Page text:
I've got to say, this seems creepy to me. It's not just spying on kids, it's spying on whoever is in range. It's basically an open mic in your home, transmitting to god knows who.
So is a "smart" TV, a laptop computer, a tracker (a more appropriate name for a cell phone or mobile phone which recognizes the activity it does the most), and so many other voice-activated gadgets with network connectivity all running proprietary (read: untrustworthy by default) software. And a lot of these devices have cameras in them too, also under proprietary software control. And virtually all of them have been used by kids for years. Some of these devices have geolocation hardware in them too, that must make it easier to geotag the data the proprietors can acquire, keep, and share. I think it's great that people are finally getting around to thinking about the security and privacy implications when this is presented to them in the form of a toy but really this is far too late in coming.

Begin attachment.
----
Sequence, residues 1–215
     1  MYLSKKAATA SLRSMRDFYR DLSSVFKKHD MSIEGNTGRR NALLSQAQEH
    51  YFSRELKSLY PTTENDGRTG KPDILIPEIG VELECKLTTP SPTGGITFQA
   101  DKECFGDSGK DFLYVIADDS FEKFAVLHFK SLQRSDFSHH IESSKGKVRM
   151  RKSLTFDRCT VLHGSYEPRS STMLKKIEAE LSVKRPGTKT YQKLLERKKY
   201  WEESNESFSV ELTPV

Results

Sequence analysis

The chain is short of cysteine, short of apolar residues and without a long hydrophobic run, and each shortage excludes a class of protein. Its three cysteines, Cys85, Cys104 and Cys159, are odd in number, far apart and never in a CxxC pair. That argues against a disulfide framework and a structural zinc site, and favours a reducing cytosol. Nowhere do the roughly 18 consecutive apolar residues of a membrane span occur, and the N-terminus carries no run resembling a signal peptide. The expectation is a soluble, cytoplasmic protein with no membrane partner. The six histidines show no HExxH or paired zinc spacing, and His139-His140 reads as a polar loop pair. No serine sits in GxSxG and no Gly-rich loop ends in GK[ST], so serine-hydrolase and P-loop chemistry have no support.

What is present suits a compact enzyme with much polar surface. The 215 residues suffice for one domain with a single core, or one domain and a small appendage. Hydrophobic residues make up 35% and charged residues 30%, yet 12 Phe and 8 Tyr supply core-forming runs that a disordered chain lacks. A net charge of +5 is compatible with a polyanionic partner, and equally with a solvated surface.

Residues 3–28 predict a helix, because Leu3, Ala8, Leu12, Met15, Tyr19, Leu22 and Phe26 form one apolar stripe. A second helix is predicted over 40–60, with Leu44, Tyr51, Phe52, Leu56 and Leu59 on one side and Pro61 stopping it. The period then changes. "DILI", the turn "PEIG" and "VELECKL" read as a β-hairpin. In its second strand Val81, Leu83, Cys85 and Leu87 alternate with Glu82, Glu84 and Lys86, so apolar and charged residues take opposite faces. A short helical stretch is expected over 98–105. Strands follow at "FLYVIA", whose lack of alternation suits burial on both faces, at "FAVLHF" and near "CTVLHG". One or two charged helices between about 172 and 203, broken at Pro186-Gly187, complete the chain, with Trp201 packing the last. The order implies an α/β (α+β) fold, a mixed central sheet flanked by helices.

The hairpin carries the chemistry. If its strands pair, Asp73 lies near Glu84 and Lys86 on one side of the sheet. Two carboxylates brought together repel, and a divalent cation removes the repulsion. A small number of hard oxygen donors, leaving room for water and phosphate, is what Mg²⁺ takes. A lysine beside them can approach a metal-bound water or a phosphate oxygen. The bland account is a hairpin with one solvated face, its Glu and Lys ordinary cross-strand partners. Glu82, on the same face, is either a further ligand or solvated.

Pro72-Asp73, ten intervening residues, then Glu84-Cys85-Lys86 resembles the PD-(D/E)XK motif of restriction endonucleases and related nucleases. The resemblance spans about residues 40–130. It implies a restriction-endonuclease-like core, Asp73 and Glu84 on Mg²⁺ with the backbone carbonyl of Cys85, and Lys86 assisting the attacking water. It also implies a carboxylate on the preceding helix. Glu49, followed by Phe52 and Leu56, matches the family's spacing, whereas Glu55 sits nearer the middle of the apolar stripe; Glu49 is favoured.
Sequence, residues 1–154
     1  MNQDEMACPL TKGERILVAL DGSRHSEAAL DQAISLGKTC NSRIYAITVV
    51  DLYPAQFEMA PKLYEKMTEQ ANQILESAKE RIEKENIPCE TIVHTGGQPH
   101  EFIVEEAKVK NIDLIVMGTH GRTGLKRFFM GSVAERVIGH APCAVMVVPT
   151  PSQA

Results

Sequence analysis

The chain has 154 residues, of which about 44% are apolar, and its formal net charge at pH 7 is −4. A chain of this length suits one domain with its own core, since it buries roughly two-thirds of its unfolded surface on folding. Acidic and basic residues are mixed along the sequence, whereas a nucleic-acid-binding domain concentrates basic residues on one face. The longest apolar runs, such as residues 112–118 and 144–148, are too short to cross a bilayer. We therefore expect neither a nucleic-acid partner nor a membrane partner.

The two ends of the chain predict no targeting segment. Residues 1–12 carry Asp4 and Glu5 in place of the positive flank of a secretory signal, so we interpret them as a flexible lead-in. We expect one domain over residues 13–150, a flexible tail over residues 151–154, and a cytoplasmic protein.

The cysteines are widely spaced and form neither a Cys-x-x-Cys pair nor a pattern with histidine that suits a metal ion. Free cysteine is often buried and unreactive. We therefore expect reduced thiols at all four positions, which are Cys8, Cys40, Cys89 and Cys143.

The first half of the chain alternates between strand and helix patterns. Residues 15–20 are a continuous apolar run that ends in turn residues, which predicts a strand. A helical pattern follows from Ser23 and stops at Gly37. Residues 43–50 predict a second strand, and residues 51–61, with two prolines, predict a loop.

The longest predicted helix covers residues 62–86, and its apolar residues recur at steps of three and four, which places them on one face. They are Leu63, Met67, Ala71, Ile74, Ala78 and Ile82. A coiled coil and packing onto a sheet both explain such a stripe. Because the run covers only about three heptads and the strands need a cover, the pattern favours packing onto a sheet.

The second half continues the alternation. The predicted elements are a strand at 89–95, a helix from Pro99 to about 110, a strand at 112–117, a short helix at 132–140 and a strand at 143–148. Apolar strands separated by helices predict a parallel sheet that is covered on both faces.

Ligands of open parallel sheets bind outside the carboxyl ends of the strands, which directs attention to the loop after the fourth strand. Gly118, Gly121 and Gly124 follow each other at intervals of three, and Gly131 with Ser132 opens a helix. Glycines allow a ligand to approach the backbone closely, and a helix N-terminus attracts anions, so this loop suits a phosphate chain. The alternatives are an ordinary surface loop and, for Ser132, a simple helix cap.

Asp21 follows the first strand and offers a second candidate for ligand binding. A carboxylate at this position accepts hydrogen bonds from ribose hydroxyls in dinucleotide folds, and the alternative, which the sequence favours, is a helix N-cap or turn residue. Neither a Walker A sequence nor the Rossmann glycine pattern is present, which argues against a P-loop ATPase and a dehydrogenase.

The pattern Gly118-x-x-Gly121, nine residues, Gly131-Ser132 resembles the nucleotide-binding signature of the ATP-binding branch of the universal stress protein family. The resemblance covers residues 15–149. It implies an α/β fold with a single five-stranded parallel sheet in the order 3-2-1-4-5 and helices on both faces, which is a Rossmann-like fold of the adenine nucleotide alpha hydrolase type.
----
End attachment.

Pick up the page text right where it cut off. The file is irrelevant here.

Departing from the parent comment, situations like this are also a constant reminder of the profound inadequacies of modern-day IT experts who choose to surround themselves with these things, not in an experimental way to investigate them but as consumers who apparently value minor convenience more than their own privacy.
Only software freedom helps you enjoy all of these devices in a way where you, the user and owner of the device, can have a real say in what gets recorded, where that data is copied, and thus who gets access to that data. It's not about shutting these things out of your life entirely, it's about respecting who should control this data.